Drywall – 14ft Ceiling beam sagging 5/8″ – what to do


First some background:

Our home is a 2 story detached. On the main floor it is entirely open concept, with a ~14' drywalled horizontal support beam separating the kitchen from the living room area. This "beam" (i call it that because i don't know exactly what is behind the drywall yet) comes down from the ceiling about 1.5 feet and has trim on it etc… The home is about 7 years old. We were the 2nd owners of the home (it's a builder home). We have 9' tall ceilings on the main floor. Our master bedroom & bathroom are directly above this area. The bathroom has a soaker tub and a separate tile shower. We have had no issues with windows or doors not opening/closing properly.

What's happening

When we purchased the house, we noticed in the upstairs master bedroom (which is directly above the kitchen) that the floor was pretty squeaky when walking on it. We had the seller 'fix' it but whatever they did, didn't last very long as the squeaking returned shortly after we moved in. That was about 5 years ago.

Over the years we had noticed a couple straight almost hairline vertical cracks in the drywall surrounding the support beam on the main floor. Definitely seemed like tearing of the drywall tape. Last month we had our basement finished and one of the contractors pointed out that there is a bit of a sag in support beam that we never noticed until now. They got out a laser level & confirmed the beam is sagging about 5/8" in the middle of the 14 foot span it is supporting and there is some slight bowing in the ceiling near the beam. There are no cracks in the actual ceiling yet, just the beam. We have not noticed any water damage in the ceiling.

We just patched the cracks around the beam and have started measuring the distance from the middle of the beam to the floor on a monthly basis and are watching to see if the cracks come back.

Part of me wants to open the ceiling and get a home inspector in here to evaluate the cause but i don't want to open the drywall unnecessarily either.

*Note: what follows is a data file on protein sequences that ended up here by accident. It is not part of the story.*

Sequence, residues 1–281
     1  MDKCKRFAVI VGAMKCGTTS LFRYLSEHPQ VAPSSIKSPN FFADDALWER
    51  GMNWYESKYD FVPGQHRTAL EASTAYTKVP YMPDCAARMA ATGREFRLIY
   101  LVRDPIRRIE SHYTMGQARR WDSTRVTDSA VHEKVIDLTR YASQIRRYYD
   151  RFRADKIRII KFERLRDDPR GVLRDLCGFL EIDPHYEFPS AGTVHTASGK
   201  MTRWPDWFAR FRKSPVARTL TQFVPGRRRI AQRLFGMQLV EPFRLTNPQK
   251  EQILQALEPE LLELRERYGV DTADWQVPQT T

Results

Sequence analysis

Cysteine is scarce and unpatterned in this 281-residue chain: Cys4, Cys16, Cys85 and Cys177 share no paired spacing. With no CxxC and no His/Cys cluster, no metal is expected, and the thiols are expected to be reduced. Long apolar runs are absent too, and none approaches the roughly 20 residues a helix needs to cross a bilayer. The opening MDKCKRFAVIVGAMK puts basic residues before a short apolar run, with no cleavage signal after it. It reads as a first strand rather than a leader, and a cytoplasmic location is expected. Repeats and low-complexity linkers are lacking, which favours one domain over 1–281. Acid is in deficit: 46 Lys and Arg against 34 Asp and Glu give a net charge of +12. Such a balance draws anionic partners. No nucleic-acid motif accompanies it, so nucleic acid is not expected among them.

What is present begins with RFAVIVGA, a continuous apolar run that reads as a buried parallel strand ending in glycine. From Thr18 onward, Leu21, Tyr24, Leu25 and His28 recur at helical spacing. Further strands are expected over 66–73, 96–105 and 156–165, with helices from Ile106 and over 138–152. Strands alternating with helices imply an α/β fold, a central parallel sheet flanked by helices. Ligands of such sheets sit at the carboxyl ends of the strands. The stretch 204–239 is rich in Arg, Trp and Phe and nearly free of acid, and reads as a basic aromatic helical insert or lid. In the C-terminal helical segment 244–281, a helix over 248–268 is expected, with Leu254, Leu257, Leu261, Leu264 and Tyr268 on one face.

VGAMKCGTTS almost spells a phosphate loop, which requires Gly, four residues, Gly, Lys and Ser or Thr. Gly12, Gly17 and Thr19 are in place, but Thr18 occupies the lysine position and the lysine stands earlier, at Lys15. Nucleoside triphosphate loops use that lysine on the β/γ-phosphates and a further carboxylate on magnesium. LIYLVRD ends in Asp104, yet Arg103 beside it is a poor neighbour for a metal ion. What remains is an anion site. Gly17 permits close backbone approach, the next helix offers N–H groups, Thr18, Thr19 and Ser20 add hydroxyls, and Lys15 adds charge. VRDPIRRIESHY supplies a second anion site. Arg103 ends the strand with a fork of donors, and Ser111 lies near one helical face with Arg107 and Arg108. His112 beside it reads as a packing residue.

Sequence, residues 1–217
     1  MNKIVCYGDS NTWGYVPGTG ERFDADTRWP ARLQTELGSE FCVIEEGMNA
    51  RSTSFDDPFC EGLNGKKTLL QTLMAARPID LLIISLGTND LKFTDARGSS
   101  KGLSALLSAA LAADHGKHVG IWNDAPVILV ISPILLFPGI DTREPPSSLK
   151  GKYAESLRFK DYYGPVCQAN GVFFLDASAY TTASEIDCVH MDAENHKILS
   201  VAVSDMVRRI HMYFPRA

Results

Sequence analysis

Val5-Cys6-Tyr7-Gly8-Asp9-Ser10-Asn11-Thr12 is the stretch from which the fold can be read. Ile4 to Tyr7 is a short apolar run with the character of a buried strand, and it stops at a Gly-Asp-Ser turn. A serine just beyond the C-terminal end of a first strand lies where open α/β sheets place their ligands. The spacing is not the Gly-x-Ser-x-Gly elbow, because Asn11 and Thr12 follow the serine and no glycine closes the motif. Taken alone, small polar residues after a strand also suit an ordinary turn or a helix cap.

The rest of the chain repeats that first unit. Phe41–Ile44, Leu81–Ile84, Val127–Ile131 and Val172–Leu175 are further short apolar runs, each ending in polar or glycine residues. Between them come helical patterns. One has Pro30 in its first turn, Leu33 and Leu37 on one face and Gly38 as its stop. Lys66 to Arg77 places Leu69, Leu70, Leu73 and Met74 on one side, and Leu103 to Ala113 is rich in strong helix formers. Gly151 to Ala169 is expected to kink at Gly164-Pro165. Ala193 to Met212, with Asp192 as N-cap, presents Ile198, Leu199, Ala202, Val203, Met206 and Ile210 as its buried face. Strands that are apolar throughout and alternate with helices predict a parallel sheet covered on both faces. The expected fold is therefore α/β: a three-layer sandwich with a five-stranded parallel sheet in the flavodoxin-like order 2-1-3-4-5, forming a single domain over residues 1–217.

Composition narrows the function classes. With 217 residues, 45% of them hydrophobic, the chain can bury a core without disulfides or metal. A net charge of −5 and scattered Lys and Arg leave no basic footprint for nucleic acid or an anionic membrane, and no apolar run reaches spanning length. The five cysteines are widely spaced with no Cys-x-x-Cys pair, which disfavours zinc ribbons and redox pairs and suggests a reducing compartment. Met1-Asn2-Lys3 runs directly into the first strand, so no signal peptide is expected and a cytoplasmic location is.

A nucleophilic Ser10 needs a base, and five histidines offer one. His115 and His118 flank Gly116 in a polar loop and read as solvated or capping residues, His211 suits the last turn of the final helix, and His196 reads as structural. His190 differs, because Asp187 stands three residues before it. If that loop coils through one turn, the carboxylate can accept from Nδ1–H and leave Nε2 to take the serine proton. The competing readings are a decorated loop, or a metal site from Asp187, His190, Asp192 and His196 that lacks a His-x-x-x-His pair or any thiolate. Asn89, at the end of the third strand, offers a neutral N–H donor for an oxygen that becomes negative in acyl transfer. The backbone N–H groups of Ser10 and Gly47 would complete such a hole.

We are kind of freaking out about it, now every little crack we find in the house makes us wonder if it's related…

We are not particularly handy people and are unsure how to approach this problem, so any advice would be most appreciated.

Best Answer

I want to add on to ben's answer. You will always have sag with a 14 foot header. If it is a metal i-beam maybe 1/100th of an inch... Your wood/LVL will sag much more.

What you are describing is ultra typical when there is a point load above and they used LVL. I don't know why cities keep allowing the use of LVL for anything more than 10 feet. It will look great and then year 2-3 it starts sagging... year 4-5 you get cracks and notice it... It is not unsafe because the LVLs will have to be seriously sagging before anything would happen. 5/8" is just enough to disturb the finish and annoy you. You can either install a beam in the middle of the room or put in a better header.

I can tell you I bought quite a few houses with sagging rooms for a huge discount. It is really an easy fix. You support each side of the room with a temp frame job, cut out LVL, and install metal i-beam. This is a one day job if you have a couple helpers. The main thing is to jack the metal beam slightly higher than level and support that level during install.